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A (mini) mammoth undertaking

20 Sep 22 A complex structural waterproofing system, designed for a 120-year service life, has been installed in a massive subterranean structure under Heathrow’s Terminal 2.

The KAD substructure measures 100m by 190m and is 15m deep
The KAD substructure measures 100m by 190m and is 15m deep

Waterproofing a large underground structure is demanding at the best of times, but when that structure is going be built under an airport taxiway and must have a service life of 120 years – then your waterproofing solution had better be good.

That was the challenge facing contractor Ferrovial Construction when embarking on the Kilo Apron Development (KAD) substructure at Heathrow Airport.

The project, completed this summer, involved the construction of a massive 100m x 190m x 15m subterranean facility, located airside, between Heathrow Terminals 2A and 2B.

Designed for a 120-year service life, the project creates the infrastructure for the future Terminal 2 baggage handling system and early bag store as well as the tracked transit system that will connect passengers from main processing in Terminal 2A into Terminal 2B and, in future, Terminal 2C.

The internal depth of excavation was close to 18m, most of it within London clay. The perimeter retaining diaphragm walls were 24m deep.

Protecting the subterranean structure against water ingress throughout the 120-year design life of the facility was a priority.

Ferrovial worked closely with the project’s structural engineers and potential suppliers to specify, design and develop a waterproofing system that would achieve watertightness class I in accordance with EC 1992-3 (meaning that any leakage would be limited to a small amount with some surface staining or damp patches deemed acceptable).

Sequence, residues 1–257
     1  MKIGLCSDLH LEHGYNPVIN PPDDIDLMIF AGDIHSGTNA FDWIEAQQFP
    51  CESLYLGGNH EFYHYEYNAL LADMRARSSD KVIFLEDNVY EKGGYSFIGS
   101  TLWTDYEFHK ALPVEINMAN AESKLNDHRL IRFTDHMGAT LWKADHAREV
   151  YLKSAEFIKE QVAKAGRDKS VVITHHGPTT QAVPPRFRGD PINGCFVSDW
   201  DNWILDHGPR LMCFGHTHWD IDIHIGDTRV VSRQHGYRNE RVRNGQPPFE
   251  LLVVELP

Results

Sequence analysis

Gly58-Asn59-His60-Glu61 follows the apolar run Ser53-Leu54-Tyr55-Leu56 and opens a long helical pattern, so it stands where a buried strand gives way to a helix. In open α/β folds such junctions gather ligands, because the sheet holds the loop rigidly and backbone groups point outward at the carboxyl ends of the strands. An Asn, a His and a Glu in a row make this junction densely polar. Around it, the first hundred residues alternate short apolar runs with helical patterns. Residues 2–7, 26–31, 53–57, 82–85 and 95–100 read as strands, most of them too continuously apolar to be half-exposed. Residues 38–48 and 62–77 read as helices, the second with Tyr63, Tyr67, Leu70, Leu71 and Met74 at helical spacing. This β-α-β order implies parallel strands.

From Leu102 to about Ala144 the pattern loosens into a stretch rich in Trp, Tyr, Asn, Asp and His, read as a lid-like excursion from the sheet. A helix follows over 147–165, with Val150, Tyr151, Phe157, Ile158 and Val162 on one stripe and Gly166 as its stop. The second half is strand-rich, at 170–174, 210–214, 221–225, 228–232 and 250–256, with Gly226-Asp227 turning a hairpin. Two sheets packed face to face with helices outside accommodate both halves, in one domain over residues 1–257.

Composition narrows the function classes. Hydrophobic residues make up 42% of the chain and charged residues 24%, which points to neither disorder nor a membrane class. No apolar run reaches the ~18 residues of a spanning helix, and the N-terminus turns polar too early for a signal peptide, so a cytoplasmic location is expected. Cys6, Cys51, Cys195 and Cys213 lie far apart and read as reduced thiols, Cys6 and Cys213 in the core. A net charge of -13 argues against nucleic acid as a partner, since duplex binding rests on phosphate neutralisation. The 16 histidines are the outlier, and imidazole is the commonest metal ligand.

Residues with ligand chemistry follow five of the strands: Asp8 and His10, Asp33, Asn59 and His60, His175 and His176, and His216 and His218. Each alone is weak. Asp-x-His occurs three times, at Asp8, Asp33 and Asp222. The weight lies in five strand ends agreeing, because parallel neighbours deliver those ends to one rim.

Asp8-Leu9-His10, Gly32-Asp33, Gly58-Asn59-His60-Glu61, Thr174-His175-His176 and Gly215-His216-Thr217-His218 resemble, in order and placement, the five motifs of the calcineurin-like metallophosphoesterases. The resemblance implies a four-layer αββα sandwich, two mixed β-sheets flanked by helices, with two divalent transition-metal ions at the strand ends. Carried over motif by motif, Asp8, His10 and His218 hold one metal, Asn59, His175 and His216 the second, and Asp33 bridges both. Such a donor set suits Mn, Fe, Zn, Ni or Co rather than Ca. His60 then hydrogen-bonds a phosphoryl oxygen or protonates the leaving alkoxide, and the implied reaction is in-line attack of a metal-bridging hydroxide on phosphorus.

The original design consisted of a secant piled wall with an internal reinforced concrete wall lining. This would have entailed construction of an in-situ reinforced concrete wall up to 12m high fixed into the secant piles around the whole perimeter of the basement – more than 500 linear metres in total.

The alternative solution, to adopt a diaphragm wall construction, avoided the need to install formwork and overcame the need to drill into the secant piled wall.

This article was first published in the September 2022 issue of The Construction Index Magazine. Sign up online.

The system chosen for the waterproofing comprised a combination of several products supplied by the UK division of French manufacturer Soprema.

Although its products have been available in the UK since the mid-1990s, Soprema is a relative newcomer to these shores, having only established a UK presence in 2012.

The diaphragm wall was cast in 1.2m x 5.5m x 24m deep sections. At the joint between the wall and the base slab, a three-layer protection system was designed consisting of a double set of Soprema’s hydrophilic synthetic Sopraswell NG and Sopraswell ITS injection tube system.

The Mini Mammouth machine was developed by Soprema itself
The Mini Mammouth machine was developed by Soprema itself

By swelling on contact with water to fill any gaps, Sopraswell NG ensures effective protection against water ingress, regardless of any structural movement or heave. Sopraswell B, a single-component hydraulic caulk, was also used to seal pipe penetration, poured wall joints, cold joints, sheet pile joints and pre-cast segments.

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It took around five months to cast the 500 linear metres of diaphragm wall, with work sequenced to enable rapid progress. The subterranean accommodation was then further excavated and ground anchors installed to a depth of 40m to counteract the effects of heave.